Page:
• fetch the latest version: import-debian-package --upstream buster --downstream apertis/v2020dev0 --create-ci-branches --package hello
    • multiple downstream branches can be specified, in which case all of them will be updated to point to the newly imported package version
    • don't use import-debian-package on existing repositories, it does not attempt to merge apertis/* branches and instead it re-sets them to new branches based on the freshly imported Debian package
  • Add a debian/apertis/component file reflecting the repository component it is part of (for instance, target)
    • check out the apertis repository: git checkout apertis/v2021dev0
    • add the component file: echo target > debian/apertis/component
    • add the component file to git: git add debian/apertis/component
    • commit the file: git commit -m "Add debian/apertis/component file pointing to target" debian/apertis/component
  • create an empty project on GitLab under the pkg/* namespaces (for instance, pkg/target/hello)
  • configure the origin remote on your local git: git remote add origin git@gitlab.apertis.org:pkg/target/hello
  • push your local git contents to the newly created GitLab project: git push --all --follow-tags origin
  • set it up with gitlab-rulez apply rulez.yaml --filter pkg/target/hello from the gitlab-rulez repository
    • sets the CI config path to debian/apertis/gitlab-ci.yml
    • changes the merge request settings:
      • only allow fast-forward merges
      • ensure merges are only allowed if pipelines succeed
    • adds a schedule on the debian/buster-gitlab-update-job branch to run weekly
    • marks the apertis/* and debian/* branches as protected
  • follow the process described in the section about landing downstream changes to the main archive above to publish the package on OBS.

Adding updates from a non-default upstream repository of a distribution

There are circumstances, when we deviate from the default upstream. This usually happens when:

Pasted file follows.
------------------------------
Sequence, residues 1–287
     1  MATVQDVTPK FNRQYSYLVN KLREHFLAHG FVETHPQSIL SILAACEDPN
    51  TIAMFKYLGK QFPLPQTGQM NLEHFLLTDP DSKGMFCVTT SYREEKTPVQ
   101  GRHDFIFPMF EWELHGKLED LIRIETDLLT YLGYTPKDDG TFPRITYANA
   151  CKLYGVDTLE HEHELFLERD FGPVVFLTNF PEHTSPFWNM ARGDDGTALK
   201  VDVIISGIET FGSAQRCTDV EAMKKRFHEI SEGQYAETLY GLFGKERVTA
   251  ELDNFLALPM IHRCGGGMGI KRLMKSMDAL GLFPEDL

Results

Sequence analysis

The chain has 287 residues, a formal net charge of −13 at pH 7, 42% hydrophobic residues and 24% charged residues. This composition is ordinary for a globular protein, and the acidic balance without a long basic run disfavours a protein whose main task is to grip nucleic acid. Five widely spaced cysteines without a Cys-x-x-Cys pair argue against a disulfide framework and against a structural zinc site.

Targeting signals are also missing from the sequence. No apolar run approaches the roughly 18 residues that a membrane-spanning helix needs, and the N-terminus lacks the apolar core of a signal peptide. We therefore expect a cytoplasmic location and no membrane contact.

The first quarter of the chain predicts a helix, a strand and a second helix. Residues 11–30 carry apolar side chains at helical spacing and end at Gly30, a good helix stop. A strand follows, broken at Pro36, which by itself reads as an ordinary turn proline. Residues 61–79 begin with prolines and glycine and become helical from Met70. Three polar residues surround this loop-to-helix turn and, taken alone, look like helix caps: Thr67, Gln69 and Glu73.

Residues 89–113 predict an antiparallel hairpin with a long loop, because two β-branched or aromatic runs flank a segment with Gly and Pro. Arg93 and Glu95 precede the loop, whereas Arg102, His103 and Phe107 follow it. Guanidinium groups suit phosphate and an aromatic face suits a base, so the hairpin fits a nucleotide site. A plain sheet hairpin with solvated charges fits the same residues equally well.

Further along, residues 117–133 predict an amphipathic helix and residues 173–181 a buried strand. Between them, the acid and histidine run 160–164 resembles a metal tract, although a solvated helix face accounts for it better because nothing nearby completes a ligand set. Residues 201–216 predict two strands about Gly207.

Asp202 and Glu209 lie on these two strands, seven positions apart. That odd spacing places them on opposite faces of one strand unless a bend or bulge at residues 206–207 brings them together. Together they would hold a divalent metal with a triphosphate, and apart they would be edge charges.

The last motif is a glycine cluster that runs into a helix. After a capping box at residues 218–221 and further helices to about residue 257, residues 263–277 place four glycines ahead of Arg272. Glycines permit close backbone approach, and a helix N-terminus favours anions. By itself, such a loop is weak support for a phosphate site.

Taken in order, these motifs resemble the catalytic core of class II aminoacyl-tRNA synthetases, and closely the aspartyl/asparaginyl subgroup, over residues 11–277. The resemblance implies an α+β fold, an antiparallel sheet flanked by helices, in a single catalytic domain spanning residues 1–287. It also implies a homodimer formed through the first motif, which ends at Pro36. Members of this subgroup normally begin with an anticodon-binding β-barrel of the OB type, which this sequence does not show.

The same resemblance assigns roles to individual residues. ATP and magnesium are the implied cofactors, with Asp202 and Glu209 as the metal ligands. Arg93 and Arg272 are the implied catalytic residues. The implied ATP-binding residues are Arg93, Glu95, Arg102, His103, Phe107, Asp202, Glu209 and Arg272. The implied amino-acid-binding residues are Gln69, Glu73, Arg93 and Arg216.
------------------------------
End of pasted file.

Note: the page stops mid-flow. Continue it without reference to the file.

• Packages are not available in the default distribution repository
  • Packages in the default distribution repository are outdated
  • Newer version of package, available in the non-default repository, is needed

For example, Debian Buster ships an older version of the Linux kernel (4.9.x) than what we have in Apertis (> 5.4). In such cases, special care needs to be taken to update packages from their respective upstreams.

Below are a set of steps which can be adapted to such exception packages. Let us assume that for such repository, the package was picked from Debian Unstable instead

  • Clone your repository

      $ git clone git@gitlab.apertis.org:ritesh/libgpiod.git
      Cloning into 'libgpiod'...
      remote: Enumerating objects: 114, done.
      remote: Counting objects: 100% (114/114), done.
      remote: Compressing objects: 100% (85/85), done.
      remote: Total 114 (delta 18), reused 110 (delta 18), pack-reused 0
      Receiving objects: 100% (114/114), 110.99 KiB | 360.00 KiB/s, done.
      Resolving deltas: 100% (18/18), done.
    
      $ cd libgpiod/
    
  • Ensure you have a branch against your deviated upstream. If you are tracking changes from a deviated upstream like Debian Unstable, it needs to be ensured that the package's packaging repository has the corresponding branches available. This is needed because the automated machinery tools expect respective branches to be available.

    • For example, if you picked a package from Debian Unstable, ensure to have a branch named debian/unstable in your git repository.

      $ git checkout -b debian/unstable origin/debian/buster
      Branch 'debian/unstable' set up to track remote branch 'debian/buster' from 'origin'.
      Switched to a new branch 'debian/unstable'
      
      $ git checkout debian/buster
      Branch 'debian/buster' set up to track remote branch 'debian/buster' from 'origin'.
      Switched to a new branch 'debian/buster'
      
    • Similarly, ensure to have a branch named upstream/unstable in your git repository.

      $ git checkout upstream/buster
      Branch 'upstream/buster' set up to track remote branch 'upstream/buster' from 'origin'.
      Switched to a new branch 'upstream/buster'
      
      $ git checkout -b upstream/unstable upstream/buster
      Switched to a new branch 'upstream/unstable'
      
  • Ensure that these branches are pushed to your remote origin. It is important that these branches are pushed and in sync with the default remote.

      $ git push -u origin --all
      Total 0 (delta 0), reused 0 (delta 0), pack-reused 0
      remote:
      remote: To create a merge request for debian/unstable, visit:
      remote:   https://gitlab.apertis.org/ritesh/libgpiod/-/merge_requests/new?merge_request%5Bsource_branch%5D=debian%2Funstable